posted by polyglot at 3:52 PM on February 6, 2006


Get yourself a Blue Snowball microphone, which is USB powered and plugs straight into the computer. Costs about $150. It's an oustanding mic, and will blow away your SM57 for recording acoustic guitar, vocals, or pretty much anything else you throw at it. The only exception I can think of is that the SM57 is pretty much unbeatable for recording a really loud electric guitar amp.

And your SM57 is a dynamic mic that doesn't require phantom power.
posted by JekPorkins at 4:37 PM on February 6, 2006


It seems to me that you have everything you need to record an album. You need a way to connect your mic to your PC, and you'll need a way to boost the levels from your mic before it goes in. As long as Audacity allows you to multitrack, then you are in business.

Incidentally, instead of a preamp, I have used a guitar footpedal compressor. The key is to use it more as a volume boost than as a compressor, so turn the output up at least half way and the compression down below half way. I use wires I build (you can buy them) with male XLR on one end and a 1/4" jack on the other end. Works great.
posted by tcobretti at 6:01 PM on February 6, 2006


One cannot just "adapt" a microphone from an XLR connector to 1/4" or 1/8" jack, the signals are completely different. XLR is balanced, the other is not.

I'm pretty sure in my poorer and more ignorant days before I bought the preamp I got some combination of adaptors that did in fact do this. In fact, for a while, I had a cable that had two XLR ends and combined them into a 1/8" stereo plug. I'd take two battery powered C1000s and plug them into just about anything I could use to make little crummy demos direct to cassette tapes on my home stereo or later, live shows to a portable DAT recorder...

So I think poppo may be right. However, it's also possible many of those devices had their own onboard preamp of sorts, where a computer soundcard may not.

And finally, I never started to approach satisfactory quality until I started using a preamp. Even the cheap preamp was enough to give production quality a serious boost.
posted by weston at 6:13 PM on February 6, 2006


One cannot just "adapt" a microphone from an XLR connector to 1/4" or 1/8" jack, the signals are completely different. XLR is balanced, the other is not.

I guess I stand corrected. FWIW, what I use is a cheap Radio shack mic that already ends in a 1/4" jack. This goes into my Soundblaster Audigy card.
posted by poppo at 6:16 PM on February 6, 2006


On rereading Polyglot's post, I'm gonna say that it isn't correct. It's not entirely wrong, but it's not entirely right. Certain types of microphone wouldn't work when converted to 1/8" (or 1/4") unless used with a special unit to supply power to the microphone. These are called condenser mics and you should be careful when buying one to make sure it'll work for you. Some take batteries, some need phantom power, some are USB. Just carefully study what you're getting into. Other types of microphone will work if adapted to 1/8", these are dynamic mics like your SM57. The only problem with all this is that any microphone plugged into a phone type plug (even if it has phantom power supplied to it) will be very quiet, so some hardware is necessary to boost the recording level so you don't get a track full of hiss. This is where the preamp or compressor comes in.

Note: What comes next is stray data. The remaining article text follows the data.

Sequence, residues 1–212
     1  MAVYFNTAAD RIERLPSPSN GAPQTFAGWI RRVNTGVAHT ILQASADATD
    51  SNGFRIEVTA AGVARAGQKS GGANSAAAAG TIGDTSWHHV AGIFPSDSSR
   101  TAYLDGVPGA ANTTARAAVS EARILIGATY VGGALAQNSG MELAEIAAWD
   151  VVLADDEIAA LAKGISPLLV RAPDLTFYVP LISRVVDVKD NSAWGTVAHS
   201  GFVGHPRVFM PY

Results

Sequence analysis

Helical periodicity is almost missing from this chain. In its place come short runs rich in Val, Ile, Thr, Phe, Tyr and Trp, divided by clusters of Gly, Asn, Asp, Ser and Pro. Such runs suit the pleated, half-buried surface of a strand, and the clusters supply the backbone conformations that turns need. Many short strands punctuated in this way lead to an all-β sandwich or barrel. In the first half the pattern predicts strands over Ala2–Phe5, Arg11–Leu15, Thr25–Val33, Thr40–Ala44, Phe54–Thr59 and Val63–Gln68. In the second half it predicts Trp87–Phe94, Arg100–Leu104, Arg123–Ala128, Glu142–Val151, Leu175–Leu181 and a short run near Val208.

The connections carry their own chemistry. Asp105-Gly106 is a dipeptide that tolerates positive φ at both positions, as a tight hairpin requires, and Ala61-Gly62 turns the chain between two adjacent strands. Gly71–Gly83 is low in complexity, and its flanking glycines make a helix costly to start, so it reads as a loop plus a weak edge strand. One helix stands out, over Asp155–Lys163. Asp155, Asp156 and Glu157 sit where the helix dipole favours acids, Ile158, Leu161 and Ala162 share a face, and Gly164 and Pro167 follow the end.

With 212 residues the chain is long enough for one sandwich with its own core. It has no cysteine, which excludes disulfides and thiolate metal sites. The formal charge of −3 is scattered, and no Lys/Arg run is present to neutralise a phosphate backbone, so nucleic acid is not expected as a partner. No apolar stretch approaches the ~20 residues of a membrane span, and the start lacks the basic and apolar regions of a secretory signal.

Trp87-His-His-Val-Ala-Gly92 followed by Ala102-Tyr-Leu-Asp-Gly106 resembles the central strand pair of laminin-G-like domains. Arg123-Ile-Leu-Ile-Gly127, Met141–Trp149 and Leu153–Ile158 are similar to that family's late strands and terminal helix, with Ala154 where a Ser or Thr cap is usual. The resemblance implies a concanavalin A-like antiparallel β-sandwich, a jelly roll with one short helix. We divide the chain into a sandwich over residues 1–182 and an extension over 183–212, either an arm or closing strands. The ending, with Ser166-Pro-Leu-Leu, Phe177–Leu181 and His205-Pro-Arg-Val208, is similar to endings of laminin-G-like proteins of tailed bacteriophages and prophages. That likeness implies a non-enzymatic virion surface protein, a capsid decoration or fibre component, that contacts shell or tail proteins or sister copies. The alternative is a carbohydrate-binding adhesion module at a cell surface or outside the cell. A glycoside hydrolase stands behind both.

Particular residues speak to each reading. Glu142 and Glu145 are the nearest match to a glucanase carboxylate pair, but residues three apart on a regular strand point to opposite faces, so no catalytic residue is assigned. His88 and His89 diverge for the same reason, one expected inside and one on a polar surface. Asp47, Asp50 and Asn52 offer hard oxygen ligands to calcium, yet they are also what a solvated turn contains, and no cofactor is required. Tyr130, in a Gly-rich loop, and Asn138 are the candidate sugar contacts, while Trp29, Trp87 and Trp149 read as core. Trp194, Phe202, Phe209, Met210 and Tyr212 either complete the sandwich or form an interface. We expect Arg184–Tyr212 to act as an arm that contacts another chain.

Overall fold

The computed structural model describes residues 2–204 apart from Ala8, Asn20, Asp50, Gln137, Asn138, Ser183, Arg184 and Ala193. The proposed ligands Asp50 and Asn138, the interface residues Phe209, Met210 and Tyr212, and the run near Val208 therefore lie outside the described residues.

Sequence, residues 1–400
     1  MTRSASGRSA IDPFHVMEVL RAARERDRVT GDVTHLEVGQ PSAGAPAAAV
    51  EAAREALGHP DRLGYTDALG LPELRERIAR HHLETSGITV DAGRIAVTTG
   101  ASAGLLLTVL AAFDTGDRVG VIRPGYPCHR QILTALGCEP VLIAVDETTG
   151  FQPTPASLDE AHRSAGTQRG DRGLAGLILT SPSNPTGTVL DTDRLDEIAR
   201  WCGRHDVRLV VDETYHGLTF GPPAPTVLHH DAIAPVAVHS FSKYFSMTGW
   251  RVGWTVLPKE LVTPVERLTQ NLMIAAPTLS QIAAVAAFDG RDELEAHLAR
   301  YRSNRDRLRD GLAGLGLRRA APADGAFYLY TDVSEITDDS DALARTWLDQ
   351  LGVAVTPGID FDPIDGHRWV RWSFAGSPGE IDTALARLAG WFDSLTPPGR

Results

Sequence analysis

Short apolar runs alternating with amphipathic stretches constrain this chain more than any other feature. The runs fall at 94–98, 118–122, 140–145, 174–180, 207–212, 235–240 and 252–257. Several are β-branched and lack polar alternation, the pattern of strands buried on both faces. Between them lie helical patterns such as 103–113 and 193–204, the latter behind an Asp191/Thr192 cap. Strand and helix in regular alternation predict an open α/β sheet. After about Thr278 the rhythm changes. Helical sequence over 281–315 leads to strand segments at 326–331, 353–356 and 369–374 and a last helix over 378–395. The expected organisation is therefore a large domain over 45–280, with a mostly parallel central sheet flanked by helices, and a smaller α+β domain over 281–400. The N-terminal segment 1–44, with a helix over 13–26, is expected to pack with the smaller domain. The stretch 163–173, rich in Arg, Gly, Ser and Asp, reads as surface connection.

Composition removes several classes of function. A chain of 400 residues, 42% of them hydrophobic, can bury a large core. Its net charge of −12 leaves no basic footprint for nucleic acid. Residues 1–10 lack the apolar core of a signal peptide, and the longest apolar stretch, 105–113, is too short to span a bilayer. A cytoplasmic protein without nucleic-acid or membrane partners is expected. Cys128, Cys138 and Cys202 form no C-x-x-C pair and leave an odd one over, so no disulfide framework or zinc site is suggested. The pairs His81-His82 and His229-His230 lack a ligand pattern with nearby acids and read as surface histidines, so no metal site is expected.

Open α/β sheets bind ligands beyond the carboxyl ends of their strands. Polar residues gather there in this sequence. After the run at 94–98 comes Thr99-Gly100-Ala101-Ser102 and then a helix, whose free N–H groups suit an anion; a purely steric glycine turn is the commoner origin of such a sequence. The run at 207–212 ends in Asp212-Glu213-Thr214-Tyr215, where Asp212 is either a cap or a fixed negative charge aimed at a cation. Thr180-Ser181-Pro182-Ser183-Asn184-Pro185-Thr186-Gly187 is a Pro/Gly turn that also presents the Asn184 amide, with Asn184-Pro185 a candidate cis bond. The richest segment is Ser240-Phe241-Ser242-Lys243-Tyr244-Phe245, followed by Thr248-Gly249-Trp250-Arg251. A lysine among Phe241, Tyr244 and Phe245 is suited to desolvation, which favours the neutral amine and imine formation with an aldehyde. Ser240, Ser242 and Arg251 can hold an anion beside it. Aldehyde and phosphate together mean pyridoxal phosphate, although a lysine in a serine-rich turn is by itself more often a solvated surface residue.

The fact is that if you want to buy a mic specially for this project and/or other PC recording projects, you might be better off buying one of those USB mics. It just seems like the simplest solution. Your SM57 will work but you need some kind of processor to boost the level going into your computer.
posted by tcobretti at 9:08 PM on February 6, 2006


I picked up Samson's new USB mic a while back, and was pleasantly surprised - I'm not sure how it compares to the Blue yet, but it's not bad at all for $40 - $50.
posted by sluggo at 4:27 AM on February 7, 2006


I'll second the recommendation for a secondhand 4-track off ebay. I tried going down the software route several times, but in the end I found it much easier to just buy a piece of hardware that was made for the job. I picked up a Tascam 4-track recorder in great condition for about £30 (~$50). Since digital multitrack machines are now affordable, old cassette machines are now incredibly affordable.
posted by primer_dimer at 5:11 AM on February 7, 2006


Jesus. There is some scary advice going on around here regarding recording.

What is the absolute cheapest, simplest, lowest-to-the-ground, home audio recording system I can set up?

This is your first mistake and the worst attitude to have if you are actually considering an investment in a recording space. You will never be happy with your sound this way and you will be discouraged to take it any further.

The quality of your sound is directly proportionate to the quality of the properly treated acoustic space you will be recording in, amount of money spent on quality gear and time spent on learning how to use that quality gear.

The first thing to consider is the acoustic space you will be recording in. Fix that first. No amount of gear or knowledge can fix a bad/noisy room.

I recommend spending some time here.

I may sound harsh, but I am just trying to save you the heartache of doing things wrong.

If you really just want to get a song out there this one time, go rent a day at some local pro studio. You will be much better off.
posted by roguescout at 2:58 AM on February 19, 2006